Putting Culture in its Place in Political Economy
Chapter 11: Crisis construals and crisis recovery in the North Atlantic financial crisis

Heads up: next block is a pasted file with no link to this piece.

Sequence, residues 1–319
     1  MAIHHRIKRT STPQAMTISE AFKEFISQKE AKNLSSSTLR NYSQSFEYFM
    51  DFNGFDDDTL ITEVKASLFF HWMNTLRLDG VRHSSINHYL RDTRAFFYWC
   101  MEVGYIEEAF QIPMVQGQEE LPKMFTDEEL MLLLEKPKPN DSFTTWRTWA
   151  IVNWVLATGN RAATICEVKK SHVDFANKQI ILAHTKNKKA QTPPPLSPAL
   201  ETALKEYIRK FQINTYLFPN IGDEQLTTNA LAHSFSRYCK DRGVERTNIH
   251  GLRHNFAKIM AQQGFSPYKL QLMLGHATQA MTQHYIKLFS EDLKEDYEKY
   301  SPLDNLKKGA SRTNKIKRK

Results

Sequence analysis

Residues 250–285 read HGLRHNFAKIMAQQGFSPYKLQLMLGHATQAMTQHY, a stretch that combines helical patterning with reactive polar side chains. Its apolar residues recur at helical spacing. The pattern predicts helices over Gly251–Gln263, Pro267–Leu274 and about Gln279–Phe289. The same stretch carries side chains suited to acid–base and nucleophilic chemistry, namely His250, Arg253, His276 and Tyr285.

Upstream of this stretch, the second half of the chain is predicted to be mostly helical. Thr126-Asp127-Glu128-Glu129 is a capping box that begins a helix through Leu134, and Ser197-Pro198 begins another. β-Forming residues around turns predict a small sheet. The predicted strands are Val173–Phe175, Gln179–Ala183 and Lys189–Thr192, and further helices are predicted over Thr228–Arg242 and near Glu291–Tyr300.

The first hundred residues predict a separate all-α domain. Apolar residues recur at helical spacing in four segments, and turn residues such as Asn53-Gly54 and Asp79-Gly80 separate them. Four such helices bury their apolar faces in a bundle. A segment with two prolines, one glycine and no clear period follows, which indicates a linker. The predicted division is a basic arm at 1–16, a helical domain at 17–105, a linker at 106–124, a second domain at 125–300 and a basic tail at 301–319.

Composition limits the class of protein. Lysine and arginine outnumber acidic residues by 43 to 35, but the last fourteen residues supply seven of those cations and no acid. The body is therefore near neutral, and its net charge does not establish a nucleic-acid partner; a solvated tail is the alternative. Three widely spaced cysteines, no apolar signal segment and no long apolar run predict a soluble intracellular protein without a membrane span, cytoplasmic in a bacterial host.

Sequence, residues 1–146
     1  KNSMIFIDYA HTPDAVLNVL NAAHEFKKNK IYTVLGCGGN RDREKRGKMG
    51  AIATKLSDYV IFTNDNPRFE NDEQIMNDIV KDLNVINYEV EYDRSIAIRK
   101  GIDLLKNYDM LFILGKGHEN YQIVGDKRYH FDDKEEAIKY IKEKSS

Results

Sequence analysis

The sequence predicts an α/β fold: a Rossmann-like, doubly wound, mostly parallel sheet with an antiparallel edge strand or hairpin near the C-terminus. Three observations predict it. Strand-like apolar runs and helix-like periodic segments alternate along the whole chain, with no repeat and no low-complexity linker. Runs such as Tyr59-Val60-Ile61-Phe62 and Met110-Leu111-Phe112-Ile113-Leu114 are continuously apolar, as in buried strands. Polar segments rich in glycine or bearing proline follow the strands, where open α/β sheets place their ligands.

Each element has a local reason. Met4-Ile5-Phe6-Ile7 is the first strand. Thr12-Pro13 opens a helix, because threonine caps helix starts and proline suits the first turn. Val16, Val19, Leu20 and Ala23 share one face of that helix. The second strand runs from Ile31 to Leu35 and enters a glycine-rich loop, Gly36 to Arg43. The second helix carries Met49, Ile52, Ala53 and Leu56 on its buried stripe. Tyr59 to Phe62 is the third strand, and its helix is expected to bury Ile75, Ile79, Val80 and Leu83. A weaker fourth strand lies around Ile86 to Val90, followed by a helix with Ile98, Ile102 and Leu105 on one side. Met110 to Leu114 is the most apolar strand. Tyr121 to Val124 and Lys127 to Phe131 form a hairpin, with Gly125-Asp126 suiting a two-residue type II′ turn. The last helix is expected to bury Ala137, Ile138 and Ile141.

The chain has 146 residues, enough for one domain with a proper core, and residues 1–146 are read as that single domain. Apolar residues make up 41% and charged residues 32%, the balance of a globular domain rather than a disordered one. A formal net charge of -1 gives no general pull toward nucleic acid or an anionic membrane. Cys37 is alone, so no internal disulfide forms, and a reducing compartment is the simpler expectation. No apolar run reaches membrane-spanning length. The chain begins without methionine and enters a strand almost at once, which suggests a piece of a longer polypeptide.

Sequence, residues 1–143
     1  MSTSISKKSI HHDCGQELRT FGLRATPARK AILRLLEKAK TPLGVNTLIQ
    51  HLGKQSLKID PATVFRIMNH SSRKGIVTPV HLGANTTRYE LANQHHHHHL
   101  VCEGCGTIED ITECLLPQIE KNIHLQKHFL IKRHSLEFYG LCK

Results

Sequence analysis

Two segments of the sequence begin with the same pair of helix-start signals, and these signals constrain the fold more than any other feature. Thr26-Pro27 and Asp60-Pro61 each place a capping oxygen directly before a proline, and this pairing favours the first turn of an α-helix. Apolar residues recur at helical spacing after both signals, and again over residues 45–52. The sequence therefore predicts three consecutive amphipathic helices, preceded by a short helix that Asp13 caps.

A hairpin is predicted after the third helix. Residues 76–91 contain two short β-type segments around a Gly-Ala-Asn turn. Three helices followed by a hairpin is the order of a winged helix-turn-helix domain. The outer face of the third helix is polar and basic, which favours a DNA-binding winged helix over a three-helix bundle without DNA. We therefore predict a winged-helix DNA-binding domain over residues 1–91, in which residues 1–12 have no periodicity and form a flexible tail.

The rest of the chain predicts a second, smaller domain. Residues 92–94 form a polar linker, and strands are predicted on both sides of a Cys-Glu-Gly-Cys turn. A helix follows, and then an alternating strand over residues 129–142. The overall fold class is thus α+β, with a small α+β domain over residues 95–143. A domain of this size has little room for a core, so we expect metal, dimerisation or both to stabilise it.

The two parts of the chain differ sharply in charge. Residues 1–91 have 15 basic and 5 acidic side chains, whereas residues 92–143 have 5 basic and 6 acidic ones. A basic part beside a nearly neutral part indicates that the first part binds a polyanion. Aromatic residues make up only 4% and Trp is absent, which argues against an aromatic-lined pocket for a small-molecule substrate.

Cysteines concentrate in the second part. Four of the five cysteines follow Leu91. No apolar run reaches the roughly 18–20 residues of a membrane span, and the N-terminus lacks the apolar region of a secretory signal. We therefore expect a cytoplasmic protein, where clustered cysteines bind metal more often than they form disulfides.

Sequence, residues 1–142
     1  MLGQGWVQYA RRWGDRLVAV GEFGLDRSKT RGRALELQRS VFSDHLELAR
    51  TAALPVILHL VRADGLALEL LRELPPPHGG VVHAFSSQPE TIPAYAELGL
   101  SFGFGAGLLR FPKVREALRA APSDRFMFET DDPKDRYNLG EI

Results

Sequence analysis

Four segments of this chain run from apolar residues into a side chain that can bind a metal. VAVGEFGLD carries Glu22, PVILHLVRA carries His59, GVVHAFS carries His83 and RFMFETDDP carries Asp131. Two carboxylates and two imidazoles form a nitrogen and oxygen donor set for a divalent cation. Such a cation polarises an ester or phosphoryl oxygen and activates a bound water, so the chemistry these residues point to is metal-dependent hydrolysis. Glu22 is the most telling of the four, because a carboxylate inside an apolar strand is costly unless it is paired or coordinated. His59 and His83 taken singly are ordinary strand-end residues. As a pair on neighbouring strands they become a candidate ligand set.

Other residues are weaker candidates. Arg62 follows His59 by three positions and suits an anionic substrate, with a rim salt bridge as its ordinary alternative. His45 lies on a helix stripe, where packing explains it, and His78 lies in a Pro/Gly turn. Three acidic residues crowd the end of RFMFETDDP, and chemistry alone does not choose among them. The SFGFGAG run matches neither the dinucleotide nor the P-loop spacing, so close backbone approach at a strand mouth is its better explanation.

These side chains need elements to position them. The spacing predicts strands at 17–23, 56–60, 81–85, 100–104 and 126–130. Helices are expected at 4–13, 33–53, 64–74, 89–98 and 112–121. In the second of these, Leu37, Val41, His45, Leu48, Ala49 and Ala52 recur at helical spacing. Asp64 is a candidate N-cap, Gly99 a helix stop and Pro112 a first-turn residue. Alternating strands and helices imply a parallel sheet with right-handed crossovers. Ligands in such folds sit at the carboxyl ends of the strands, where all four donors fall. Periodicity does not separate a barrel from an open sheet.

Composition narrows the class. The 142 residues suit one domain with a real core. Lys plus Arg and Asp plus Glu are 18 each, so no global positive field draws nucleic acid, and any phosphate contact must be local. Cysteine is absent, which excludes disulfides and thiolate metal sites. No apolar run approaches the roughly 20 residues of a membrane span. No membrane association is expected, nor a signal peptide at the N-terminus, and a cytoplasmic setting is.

Crises are multi-faceted phenomena that invite multiple approaches from different entry-points and standpoints. This chapter deploys a CPE approach to explore how the recent crisis in the North Atlantic economies, still continuing at the time of writing in mid-2013, has been construed through different economic imaginaries. Of interest is the shock that crises gave to the prevailing economic wisdom and dominant policy paradigms, leading to the recovery of other economic perspectives as well as a search to imagine alternative economic and political paths to economic recovery. Key aspects of the retrospective interpretation and prospective envisioning of economic performance are actors’ differential capacities for lesson-drawing and asymmetrical abilities to refuse to learn from their mistakes. Accordingly the following analysis considers the multi-faceted nature of the North Atlantic financial crisis and its global repercussions, the selection of some construals rather than others as the basis for economic responses and crisis management, and the transformation of a crisis that originated in private credit relations and securitization into a crisis of sovereign debt and public finances. Of special interest are two issues.
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